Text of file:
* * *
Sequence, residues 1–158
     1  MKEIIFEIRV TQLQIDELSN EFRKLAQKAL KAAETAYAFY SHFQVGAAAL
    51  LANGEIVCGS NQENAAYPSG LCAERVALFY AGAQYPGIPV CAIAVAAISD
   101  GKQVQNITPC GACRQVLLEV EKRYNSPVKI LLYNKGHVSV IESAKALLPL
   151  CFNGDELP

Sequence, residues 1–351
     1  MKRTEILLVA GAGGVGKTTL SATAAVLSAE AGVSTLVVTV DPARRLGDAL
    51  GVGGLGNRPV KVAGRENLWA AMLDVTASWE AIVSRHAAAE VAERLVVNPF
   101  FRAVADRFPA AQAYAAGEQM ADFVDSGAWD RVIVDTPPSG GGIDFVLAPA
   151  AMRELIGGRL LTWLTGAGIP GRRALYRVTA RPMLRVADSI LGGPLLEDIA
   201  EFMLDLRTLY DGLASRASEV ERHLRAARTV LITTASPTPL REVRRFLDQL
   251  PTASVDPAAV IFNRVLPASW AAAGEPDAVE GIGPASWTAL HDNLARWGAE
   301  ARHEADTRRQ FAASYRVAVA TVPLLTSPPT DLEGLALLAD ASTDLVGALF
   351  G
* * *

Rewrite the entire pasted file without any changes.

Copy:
Sequence, residues 1–158
     1  MKEIIFEIRV TQLQIDELSN EFRKLAQKAL KAAETAYAFY SHFQVGAAAL
    51  LANGEIVCGS NQENAAYPSG LCAERVALFY AGAQYPGIPV CAIAVAAISD
   101  GKQVQNITPC GACRQVLLEV EKRYNSPVKI LLYNKGHVSV IESAKALLPL
   151  CFNGDELP

Sequence, residues 1–351
     1  MKRTEILLVA GAGGVGKTTL SATAAVLSAE AGVSTLVVTV DPARRLGDAL
    51  GVGGLGNRPV KVAGRENLWA AMLDVTASWE AIVSRHAAAE VAERLVVNPF
   101  FRAVADRFPA AQAYAAGEQM ADFVDSGAWD RVIVDTPPSG GGIDFVLAPA
   151  AMRELIGGRL LTWLTGAGIP GRRALYRVTA RPMLRVADSI LGGPLLEDIA
   201  EFMLDLRTLY DGLASRASEV ERHLRAARTV LITTASPTPL REVRRFLDQL
   251  PTASVDPAAV IFNRVLPASW AAAGEPDAVE GIGPASWTAL HDNLARWGAE
   301  ARHEADTRRQ FAASYRVAVA TVPLLTSPPT DLEGLALLAD ASTDLVGALF
   351  G